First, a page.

Postural hypertension can be compensatory - in an attempt to maintain cerebral blood flow in the face of reduced alpha 1 or ang II mediated vasoconstriction or perhaps due to abnormal cerebral autoregulation as a primary problem, or this can be part of the primary problem through excessive sympathetic activity or hypovolumia resulting in excessive vasoconstriction and reduced venous return to the heart - which again leads to abnormal cerebral autoregulation through parasympathetic withdrawal.

    The point being that many with postural hypertension also suffer from dizziness, feel worse after taking ace inhibitors and occasionally beta or combined alpha/beta blockers.

    Hypovolumic POTS patients exhibit postural hypertension as do some neuropathic patients, those with angiotensin II mediated sympathteic excess and perhaps also the NET deficiency. All also exhibit dizziness. The key is determining whether its compensatory or etiological.

    Finally, nearly all the dangers of hypertension arent present at least in POTS or NCS - low blood volume instead of high, reduced cardiac and cerebral perfusion instead of increased and importantly most of the dangers of hypertension occur from sustained elevations, not postural fluctuations.

    ARBs can work wonders for some POTS patients - particularly those with vasoconstrictive forms. By increasing nitric oxide bioavailability, reducing sympathetic stimulation, they reduce vasoconstriction, increase stroke volume and improve cerebral autoregulation. Exercise also works well to increase ang II catabolism.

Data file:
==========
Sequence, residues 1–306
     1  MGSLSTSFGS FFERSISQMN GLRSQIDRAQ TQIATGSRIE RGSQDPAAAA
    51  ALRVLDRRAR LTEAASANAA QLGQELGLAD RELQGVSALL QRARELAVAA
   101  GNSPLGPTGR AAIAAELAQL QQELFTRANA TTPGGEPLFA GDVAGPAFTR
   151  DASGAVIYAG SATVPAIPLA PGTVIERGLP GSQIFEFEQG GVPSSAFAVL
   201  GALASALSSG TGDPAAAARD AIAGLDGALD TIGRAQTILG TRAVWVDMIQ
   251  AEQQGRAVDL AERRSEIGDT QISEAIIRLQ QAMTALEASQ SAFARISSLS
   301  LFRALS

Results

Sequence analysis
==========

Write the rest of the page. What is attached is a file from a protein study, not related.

8. ramakentesh

    ramakentesh Senior Member

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    Adreno - as Im sure you are aware, 20-25% of POTS patients have elevated angiotensin II levels as a primary etiological problem.
     
  9. adreno

    adreno Homo neanderthalensis

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    Yes, I know this, thanks. And you're right; if Lou has POTS it will be tricky finding the right drug.
     
    ahimsa likes this.
  10. Lou

    Lou Senior Member

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    Thanks, ramakentesh and adreno. Mine must be essential hypertension as it was high in both positions.
     
  11. taniaaust1

    taniaaust1

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    Hi, I have severe orthostatic hypertension.. BP goes up to 170/138 when I stand. There are two others Ive spoken to who had it going up as high as mine (one was going a bit higher) and they both ended up with heart failure due to orthostatic hypertension not being treated. One was only in his late 30s or early 40s. (note.. it is true thou they werent ME patients..but they certainly had the same orthostatic hypertension I seem to have).